• The reason we will feel like this is because true satisfaction, true fulfillment, true peace, true life - can only come from God.  
  • The things of the world might work for a while, but they are not lasting.
  • St. Paul, in his letter to Timothy, urges him to teach this truth.  He says, “As for the rich in this present age, charge them not to be haughty, nor to set their hopes on the uncertainty of riches, but on God, who richly provides us with everything to enjoy” (1 Timothy 6:17).  
  • Living in Canada, where we have been so blessed with everything we need and so much more, it is easy to fall prey to putting our hopes in our uncertain riches, in the things of this world - rather than in God.
  • St. Peter warns us not to be conformed to our passions – to our desires for the perishable things of this world.  
  • Our “stuff” will do us no good when it comes to God’s mercy.  It will do us no good when it comes to our eternal lives. 
  • If we put our hope in the things of this world, in ourselves, rather than in God – we will perish the same way that everything in this world does.  
  • Earlier in his letter, St. Peter provides us with a great description of where our true hope lies, “…you were ransomed from the futile ways inherited from your forefathers, not with perishable things such as silver or gold, but with the precious blood of Christ, like that of a lamb without blemish or spot.  He was foreknown before the foundation of the world but was made manifest in the last times for your sake, who through him are believers in God, who raised him from the dead and gave him glory, so that your faith and hope are in God” (1 Peter 1:13-2:3).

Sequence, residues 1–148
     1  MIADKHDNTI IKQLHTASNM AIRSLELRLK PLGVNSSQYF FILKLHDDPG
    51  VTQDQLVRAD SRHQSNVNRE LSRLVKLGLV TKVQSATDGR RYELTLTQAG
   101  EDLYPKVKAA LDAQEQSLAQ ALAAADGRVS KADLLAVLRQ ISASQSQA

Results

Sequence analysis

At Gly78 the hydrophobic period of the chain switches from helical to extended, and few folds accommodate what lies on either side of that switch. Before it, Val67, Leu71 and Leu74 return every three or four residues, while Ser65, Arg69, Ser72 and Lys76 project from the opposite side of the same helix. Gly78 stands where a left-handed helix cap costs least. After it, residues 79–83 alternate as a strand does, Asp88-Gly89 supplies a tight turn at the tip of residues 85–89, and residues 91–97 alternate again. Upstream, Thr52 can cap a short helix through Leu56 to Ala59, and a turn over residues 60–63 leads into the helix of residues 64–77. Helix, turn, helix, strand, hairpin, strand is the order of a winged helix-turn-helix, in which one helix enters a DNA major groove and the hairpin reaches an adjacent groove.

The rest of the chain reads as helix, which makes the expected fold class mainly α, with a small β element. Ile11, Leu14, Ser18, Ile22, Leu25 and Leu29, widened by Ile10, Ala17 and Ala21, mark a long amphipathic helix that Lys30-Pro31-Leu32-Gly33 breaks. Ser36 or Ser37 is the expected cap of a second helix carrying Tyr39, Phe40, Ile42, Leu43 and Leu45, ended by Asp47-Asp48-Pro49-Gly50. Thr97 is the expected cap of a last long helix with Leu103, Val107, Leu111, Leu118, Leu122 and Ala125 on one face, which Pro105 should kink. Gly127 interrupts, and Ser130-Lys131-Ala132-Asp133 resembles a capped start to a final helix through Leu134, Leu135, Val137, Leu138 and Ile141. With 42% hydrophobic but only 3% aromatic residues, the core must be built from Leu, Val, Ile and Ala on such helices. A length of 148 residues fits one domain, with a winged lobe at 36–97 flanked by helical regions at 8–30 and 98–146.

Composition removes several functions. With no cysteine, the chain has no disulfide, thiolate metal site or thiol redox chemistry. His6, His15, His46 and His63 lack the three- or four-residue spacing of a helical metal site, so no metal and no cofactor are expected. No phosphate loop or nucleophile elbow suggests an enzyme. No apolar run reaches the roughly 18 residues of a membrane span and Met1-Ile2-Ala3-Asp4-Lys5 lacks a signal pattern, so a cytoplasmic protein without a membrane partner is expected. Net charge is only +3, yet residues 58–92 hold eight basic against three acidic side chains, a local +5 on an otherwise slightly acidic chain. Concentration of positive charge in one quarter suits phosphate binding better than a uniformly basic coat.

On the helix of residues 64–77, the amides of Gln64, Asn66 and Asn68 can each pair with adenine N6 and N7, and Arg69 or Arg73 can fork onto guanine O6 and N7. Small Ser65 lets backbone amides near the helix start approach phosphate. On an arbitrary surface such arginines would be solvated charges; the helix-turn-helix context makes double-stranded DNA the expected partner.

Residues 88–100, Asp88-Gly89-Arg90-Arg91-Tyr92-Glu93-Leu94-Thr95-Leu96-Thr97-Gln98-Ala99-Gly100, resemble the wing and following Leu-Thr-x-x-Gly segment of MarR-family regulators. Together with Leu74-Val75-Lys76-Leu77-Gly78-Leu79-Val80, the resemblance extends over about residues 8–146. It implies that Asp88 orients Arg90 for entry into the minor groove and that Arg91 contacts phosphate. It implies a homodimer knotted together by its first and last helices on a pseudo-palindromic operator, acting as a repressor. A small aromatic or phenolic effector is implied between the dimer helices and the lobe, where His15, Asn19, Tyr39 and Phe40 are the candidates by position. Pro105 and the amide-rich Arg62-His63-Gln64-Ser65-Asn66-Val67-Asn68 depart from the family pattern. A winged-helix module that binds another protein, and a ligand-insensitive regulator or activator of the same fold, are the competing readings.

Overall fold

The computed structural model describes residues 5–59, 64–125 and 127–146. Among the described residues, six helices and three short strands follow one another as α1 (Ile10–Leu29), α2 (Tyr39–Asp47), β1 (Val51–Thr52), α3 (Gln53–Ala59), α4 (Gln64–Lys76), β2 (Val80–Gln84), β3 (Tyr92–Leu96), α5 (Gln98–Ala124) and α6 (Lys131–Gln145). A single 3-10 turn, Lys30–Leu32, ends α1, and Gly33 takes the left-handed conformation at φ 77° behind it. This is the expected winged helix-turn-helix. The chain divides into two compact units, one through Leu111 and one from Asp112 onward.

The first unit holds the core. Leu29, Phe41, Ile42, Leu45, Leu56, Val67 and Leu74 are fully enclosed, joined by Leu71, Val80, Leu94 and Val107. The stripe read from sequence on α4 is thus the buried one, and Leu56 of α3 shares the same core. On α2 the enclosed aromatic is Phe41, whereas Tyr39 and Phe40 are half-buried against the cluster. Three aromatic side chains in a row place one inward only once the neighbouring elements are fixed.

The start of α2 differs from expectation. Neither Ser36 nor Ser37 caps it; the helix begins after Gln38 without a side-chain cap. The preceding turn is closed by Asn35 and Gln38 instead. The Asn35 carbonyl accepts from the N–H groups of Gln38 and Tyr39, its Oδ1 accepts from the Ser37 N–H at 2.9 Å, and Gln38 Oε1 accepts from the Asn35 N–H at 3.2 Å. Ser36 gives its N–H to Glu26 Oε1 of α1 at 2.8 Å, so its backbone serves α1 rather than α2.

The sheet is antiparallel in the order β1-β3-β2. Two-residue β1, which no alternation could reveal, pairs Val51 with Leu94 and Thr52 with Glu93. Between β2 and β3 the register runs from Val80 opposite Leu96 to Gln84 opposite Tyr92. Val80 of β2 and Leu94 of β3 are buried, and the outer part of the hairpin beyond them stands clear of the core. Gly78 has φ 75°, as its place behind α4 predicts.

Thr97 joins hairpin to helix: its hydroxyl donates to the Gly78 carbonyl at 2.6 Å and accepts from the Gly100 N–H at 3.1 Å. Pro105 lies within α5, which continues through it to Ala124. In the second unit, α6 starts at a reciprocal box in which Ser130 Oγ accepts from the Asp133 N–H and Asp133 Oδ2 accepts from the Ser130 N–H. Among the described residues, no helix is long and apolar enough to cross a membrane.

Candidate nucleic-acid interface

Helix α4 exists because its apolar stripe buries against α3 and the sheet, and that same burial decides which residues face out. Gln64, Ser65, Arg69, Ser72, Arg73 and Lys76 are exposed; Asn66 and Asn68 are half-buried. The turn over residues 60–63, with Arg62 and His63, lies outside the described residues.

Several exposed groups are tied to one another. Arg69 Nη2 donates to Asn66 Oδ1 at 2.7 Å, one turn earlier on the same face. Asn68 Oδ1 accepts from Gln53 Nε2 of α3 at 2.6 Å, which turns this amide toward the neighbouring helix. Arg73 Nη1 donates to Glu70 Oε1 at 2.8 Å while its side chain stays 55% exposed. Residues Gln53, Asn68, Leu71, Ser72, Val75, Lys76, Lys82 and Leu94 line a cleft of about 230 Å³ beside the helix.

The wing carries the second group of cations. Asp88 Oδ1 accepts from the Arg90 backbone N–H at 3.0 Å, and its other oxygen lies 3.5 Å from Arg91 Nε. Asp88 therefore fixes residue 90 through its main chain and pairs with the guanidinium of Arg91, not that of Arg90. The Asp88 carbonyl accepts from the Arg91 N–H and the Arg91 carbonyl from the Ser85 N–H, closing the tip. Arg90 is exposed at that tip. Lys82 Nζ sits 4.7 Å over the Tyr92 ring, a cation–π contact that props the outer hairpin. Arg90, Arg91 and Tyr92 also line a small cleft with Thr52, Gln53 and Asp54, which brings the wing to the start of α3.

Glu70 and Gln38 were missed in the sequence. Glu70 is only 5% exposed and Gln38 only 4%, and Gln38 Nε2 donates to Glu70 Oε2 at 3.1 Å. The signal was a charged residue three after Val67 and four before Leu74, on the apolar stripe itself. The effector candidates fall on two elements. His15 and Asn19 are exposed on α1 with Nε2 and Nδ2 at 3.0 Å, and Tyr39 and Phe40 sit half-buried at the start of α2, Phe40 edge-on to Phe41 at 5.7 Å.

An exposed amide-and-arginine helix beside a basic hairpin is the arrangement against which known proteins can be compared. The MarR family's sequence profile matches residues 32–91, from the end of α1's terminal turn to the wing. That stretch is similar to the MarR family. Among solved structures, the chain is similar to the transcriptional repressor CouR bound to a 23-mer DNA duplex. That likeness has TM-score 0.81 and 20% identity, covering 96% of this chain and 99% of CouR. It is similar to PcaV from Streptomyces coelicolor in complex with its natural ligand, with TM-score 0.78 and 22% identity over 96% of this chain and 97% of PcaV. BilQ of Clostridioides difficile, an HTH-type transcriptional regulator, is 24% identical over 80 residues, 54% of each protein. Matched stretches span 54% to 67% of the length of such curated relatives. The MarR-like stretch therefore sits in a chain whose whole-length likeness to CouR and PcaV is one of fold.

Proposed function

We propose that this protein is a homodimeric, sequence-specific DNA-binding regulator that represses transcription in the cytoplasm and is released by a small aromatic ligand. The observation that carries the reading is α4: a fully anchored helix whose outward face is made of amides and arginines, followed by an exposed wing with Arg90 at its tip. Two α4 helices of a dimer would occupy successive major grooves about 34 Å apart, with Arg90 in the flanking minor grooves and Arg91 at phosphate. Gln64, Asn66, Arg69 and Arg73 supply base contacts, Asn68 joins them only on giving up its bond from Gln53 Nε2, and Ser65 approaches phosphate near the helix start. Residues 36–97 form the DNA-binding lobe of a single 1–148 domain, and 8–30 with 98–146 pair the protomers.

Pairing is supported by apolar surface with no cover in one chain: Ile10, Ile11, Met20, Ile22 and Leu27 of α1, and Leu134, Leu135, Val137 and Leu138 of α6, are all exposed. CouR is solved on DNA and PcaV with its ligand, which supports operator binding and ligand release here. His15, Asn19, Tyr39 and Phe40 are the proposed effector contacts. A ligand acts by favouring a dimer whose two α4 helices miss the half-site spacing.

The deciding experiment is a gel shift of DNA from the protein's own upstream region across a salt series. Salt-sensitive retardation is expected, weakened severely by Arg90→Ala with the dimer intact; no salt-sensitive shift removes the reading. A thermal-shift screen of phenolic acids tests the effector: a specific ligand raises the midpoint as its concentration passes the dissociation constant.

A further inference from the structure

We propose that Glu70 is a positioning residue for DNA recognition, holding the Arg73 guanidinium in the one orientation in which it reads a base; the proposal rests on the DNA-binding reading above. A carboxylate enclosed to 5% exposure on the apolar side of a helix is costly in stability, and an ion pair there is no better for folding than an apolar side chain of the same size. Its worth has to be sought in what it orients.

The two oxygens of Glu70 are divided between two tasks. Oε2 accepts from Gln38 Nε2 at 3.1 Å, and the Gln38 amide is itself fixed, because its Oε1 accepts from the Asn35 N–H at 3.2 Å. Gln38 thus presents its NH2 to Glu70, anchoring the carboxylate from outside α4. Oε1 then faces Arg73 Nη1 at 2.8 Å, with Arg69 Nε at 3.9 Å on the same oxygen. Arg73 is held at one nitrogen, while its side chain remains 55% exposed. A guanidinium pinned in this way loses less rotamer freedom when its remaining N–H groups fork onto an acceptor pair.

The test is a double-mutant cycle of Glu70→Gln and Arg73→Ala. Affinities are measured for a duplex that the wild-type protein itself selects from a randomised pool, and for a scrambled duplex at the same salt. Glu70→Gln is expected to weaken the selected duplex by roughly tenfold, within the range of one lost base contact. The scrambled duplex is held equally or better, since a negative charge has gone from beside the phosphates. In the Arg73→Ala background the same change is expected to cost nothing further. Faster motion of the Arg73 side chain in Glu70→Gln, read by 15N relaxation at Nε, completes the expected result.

• Our hope is not in perishable things like silver and gold, good jobs, nice houses, nice cars, or vacations – our hope is in the truth that we have been ransomed, we have been set free from sin and death, by the precious blood of Christ.  
  • Our hope is in the Lamb of God, who is without blemish or spot, who takes away the sin of the world.
  • Our hope is in Jesus, who assures us that he is always with us - even when we are facing those times when things do seem hopeless.
  • Our struggle with sin can leave us feeling hopeless.  We know we shouldn’t keep doing it and we have promised ourselves and God that we will stop so many times.  
  • But then we find ourselves with the shame and guilt of having fallen again.  These times can leave us feeling lost, with no control.  Hopeless.
  • But there is always hope in Christ who calls you to repent of your sin so that you can receive His forgiveness and life.
  • The Holy Spirt works in and through your baptism to create and sustain your faith and to make you a new creation.  Through the waters of your baptism you are in Christ.
  • And St. Paul says in his letter to the Corinthians, "Therefore if anyone is in Christ, he is a new creation.  The old has passed away; behold, the new has come” (2 Corinthians 5:17).